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Category:    Home > Reviews > Documentary > Music > Politics > Rage Against The Machine & The Art Of Protest: Revolution Of The Head (Chrome Dreams/MVD Visual DVD)

Rage Against The Machine & The Art Of Protest: Revolution Of The Head (Chrome Dreams/MVD Visual DVD)


Picture: C+     Sound: C+     Extras: C-     Documentary: B-



Despite their politics and even commercial success, Rage Against The Machine is one of the more interesting, yet more overrated acts in music since the 1980s.  They had political things to say and they could even be “hardcore” about it, but it was also often a series of events where they were “fronting” and pressing buttons without really saying anything or getting anything accomplished except record sales.  The Art Of Protest: Revolution Of The Head (from the Under Review gang) shows their career and these limits.


A big success in the 1990s, they made it easy to be critical at a time when Bill Clinton was president, but for all they were saying, what exactly did they actually say?  Signed to Epic Records, they never got in trouble the way Warner did when Ice-T recorded Cop Killer and for all their anti-establishment, anti-capitalist rhetoric, they were sure getting rich quick.  With Michael Moore (who directed some of their later videos), they became some of the richest socialists in the U.S., so what were they complaining about?  Maybe it is just they through everyone (including their fans?) were so stupid and desperate that they would mistake them for being cutting edge.


It is no coincidence then that they broke up after the second Bush Presidency began, helped by the myth they perpetuated that there was no difference between Bush and Al Gore; something few are dumb enough to believe now.  It is something you perpetuate when you want to ruin the establishment whether you are an extremist Republican who wants to gut any traces of The New Deal or a communist/Stalinist who is trying to prove an opposite point (what a price to do that) by getting the same results.  Reunited in vain later, they are no longer as relevant and were only so much to begin with.  If they had been, they would have had better ideas, the Bush Years would have never taken place and the country would be in better shape.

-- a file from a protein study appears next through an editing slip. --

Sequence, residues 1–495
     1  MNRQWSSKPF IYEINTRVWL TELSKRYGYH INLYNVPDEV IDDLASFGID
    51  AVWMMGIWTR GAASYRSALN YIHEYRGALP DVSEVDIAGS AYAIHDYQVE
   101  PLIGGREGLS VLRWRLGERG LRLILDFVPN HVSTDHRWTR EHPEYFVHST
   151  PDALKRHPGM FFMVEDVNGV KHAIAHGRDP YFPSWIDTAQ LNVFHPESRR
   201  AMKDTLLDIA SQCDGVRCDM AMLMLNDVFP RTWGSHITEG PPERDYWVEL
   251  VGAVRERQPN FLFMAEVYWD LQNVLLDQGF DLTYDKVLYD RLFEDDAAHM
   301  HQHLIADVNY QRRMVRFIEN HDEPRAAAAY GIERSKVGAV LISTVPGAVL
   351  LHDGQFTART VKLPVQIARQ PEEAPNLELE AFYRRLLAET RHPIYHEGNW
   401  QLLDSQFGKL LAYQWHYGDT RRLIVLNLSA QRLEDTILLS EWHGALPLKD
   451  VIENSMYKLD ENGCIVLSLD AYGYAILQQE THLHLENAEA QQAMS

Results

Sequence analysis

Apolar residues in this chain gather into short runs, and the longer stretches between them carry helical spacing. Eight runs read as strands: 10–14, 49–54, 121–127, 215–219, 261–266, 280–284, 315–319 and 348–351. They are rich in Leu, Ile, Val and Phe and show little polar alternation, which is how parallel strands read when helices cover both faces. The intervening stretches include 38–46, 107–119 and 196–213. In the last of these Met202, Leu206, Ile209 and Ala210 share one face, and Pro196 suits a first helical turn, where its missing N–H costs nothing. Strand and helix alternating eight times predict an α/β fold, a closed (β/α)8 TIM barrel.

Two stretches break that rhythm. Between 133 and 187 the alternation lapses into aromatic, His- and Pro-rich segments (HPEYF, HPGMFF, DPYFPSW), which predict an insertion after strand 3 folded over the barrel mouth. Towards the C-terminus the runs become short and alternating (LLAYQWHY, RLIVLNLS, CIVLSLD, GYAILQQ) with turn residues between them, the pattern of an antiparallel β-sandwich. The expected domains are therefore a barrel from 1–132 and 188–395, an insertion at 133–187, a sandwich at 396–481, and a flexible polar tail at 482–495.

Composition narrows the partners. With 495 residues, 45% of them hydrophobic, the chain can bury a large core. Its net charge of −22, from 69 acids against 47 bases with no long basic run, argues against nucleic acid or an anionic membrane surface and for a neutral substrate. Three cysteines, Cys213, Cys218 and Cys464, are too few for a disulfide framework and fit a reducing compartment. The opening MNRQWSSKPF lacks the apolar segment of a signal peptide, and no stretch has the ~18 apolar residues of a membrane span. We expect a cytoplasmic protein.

Instead, they were as much of a problem as anyone they criticized and as this documentary inadvertently proves, were posers and exploiters who took advantage of bad situations and did not care about the results as long as it made them rich with their supposed anger and race-baiting.  Now, they seem as sincere as Ralph Nader, who both allowed the worst decade in U.S. history to happen, in part by being the “useful idiot” means to that end.  So much for their revolution or their music.  At least we get a lesson on real innovators before them here, ones they hijacked so they could cash us and them out.


The 1.33 X 1 image is of the usual high quality for this series with a mix of new video footage, stills and usually great film footage throughout.  The Dolby Digital 2.0 Stereo is also decent as always.  Extras include text on the interviewees.



-   Nicholas Sheffo


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